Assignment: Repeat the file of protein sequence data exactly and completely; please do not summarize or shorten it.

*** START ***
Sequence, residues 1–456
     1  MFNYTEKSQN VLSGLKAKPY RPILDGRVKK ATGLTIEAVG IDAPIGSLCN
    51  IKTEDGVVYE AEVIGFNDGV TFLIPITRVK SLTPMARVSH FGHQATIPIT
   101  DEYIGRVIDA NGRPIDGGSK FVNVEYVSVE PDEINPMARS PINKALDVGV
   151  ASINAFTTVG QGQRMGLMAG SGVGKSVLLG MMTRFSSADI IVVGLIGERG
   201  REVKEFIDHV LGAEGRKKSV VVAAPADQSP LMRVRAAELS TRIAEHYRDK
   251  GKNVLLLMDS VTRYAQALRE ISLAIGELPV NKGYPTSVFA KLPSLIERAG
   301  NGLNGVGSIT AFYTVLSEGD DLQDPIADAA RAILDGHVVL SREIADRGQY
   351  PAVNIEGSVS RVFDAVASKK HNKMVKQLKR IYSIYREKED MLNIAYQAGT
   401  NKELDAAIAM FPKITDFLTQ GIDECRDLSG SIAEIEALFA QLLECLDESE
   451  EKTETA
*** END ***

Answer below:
Sequence, residues 1–456
     1  MFNYTEKSQN VLSGLKAKPY RPILDGRVKK ATGLTIEAVG IDAPIGSLCN
    51  IKTEDGVVYE AEVIGFNDGV TFLIPITRVK SLTPMARVSH FGHQATIPIT
   101  DEYIGRVIDA NGRPIDGGSK FVNVEYVSVE PDEINPMARS PINKALDVGV
   151  ASINAFTTVG QGQRMGLMAG SGVGKSVLLG MMTRFSSADI IVVGLIGERG
   201  REVKEFIDHV LGAEGRKKSV VVAAPADQSP LMRVRAAELS TRIAEHYRDK
   251  GKNVLLLMDS VTRYAQALRE ISLAIGELPV NKGYPTSVFA KLPSLIERAG
   301  NGLNGVGSIT AFYTVLSEGD DLQDPIADAA RAILDGHVVL SREIADRGQY
   351  PAVNIEGSVS RVFDAVASKK HNKMVKQLKR IYSIYREKED MLNIAYQAGT
   401  NKELDAAIAM FPKITDFLTQ GIDECRDLSG SIAEIEALFA QLLECLDESE
   451  EKTETA